Battery isolators are useful equipment for vehicles with multi-battery systems. Such vehicles can include large vehicles, such as boats, trucks, and caravans, or standard sedan and coupe cars with powerful sound systems that run while the car's engine is off. Having additional battery power helps ensure that the vehicle can properly start and run. No matter what the context, battery isolators make certain that each of the vehicle's batteries are charged from the vehicle's alternator.
Equipment Needed to Install and Connect a Battery Isolator
Connecting a battery isolator is relatively simple, but before attempting the task, DIY mechanics should assemble the necessary materials. Planning ahead can help to ensure that the project runs smoothly. A few accessories are necessary to the safe and secure installation of a battery isolator.
Red and Black Cables
The red and black cables are wires insulated with a colored plastic coating. The red wire directs the electrical flow between the battery and the isolator. The black cable, on the other hand, grounds the isolator to the vehicle. A set of each is necessary to install the isolator properly.
Terminals are rings that have plastic screws along with them. They provide connection points for the red and the black cables. They terminals help to shuttle power between the battery and the isolator. If the terminals have worn away or have corrosion, they should be replaced with new ones.
Often labelled with "on" and "off" for ease of installation, the switch turns the isolator off if needed. Sometimes this is called a kill switch or a master switch. They are available in a variety of styles, and can even different sizes.
Other items can help with installing a battery isolator, such as zip ties, wire lugs, and electrical tape. Wrenches and soldering irons can also prove helpful. In some cases, buyers may find everything that they need in one kit. This helps DIY mechanics install their new battery isolator without having to run out for additional parts.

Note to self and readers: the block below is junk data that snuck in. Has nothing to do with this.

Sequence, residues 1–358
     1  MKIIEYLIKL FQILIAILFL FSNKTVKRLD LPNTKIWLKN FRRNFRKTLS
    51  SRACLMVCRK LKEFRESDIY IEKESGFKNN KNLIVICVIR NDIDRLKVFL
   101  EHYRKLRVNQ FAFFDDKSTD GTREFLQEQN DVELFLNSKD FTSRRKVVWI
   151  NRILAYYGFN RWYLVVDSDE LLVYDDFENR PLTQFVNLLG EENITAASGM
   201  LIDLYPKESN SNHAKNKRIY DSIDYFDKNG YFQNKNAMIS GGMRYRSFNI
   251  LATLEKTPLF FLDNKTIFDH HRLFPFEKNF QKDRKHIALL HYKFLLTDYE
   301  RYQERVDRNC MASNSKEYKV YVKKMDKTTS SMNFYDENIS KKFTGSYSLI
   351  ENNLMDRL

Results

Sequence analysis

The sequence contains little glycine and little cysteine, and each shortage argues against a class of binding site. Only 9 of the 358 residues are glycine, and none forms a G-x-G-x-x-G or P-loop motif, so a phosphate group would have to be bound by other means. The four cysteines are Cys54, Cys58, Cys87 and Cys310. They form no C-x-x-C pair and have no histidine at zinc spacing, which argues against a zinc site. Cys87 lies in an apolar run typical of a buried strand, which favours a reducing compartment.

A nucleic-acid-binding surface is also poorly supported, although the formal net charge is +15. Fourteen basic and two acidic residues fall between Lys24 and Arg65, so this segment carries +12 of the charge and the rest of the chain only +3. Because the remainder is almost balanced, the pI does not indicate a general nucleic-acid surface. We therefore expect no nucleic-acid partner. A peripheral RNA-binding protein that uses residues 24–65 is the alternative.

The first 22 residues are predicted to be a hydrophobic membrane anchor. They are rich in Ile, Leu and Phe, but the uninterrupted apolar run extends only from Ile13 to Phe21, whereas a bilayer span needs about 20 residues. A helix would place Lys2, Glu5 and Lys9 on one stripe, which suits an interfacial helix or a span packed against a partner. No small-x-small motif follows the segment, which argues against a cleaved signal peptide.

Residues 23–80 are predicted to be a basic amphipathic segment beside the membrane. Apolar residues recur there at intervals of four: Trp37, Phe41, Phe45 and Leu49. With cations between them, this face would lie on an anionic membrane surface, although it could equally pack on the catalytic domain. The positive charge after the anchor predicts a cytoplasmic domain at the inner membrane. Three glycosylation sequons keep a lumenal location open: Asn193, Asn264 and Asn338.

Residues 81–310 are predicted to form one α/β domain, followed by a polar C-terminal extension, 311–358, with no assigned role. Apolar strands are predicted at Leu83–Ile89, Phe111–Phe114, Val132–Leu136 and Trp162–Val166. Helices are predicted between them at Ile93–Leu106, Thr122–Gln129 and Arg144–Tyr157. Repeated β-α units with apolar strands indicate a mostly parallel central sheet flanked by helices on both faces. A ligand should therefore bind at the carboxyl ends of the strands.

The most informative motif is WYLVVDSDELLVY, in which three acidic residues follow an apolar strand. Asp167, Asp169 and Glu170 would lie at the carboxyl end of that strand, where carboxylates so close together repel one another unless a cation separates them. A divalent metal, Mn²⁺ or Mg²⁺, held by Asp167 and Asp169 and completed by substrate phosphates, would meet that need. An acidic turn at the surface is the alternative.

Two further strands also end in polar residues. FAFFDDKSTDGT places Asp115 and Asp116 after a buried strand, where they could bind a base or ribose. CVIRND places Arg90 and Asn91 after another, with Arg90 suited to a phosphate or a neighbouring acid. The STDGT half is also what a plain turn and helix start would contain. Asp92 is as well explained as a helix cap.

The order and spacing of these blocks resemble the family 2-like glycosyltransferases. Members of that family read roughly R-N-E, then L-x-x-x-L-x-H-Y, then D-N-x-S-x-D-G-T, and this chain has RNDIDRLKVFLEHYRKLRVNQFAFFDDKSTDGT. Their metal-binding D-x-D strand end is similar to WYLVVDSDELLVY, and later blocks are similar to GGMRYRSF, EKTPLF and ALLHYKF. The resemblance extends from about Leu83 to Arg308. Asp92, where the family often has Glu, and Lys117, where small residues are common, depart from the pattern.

Connecting the Isolator
Once the consumer purchases the auxiliary battery and all of the necessary equipment for isolator installation, the isolator is ready to install. Suitable locations for both installations include space under the vehicle's main bonnet or in a less crowded area, such as a car's boot. Installation techniques may differ for different brands and types of isolators (solenoid or diode-based), so DIY mechanics should make sure they know what they are working with before installation begins.
It is important to follow any installation instructions provided by the manufacturer exactly. Most isolator installation instructions require grounding the auxiliary battery or the isolator (or both) to the vehicle. Use the red cables to connect positive terminals on the main battery to the isolator, the alternator, and the vehicle's electrical system, while the positive terminals on the auxiliary battery are connected to the isolator and the additional appliances, such as a sound system, that are to be run off of the additional battery.
How to Buy a Battery Isolator on eBay
Experienced mechanics may have all of the additional accessories necessary to install a battery isolator and simply need to purchase the isolator itself. For those shoppers who do not have all of the additional equipment necessary to connect the isolator to the battery and secure all of the connection cables, reliable sellers on eBay offer kits that include all of the necessary installation equipment. Either way, shopping on eBay provides you with the opportunity to purchase the equipment you need to complete a multi-battery setup.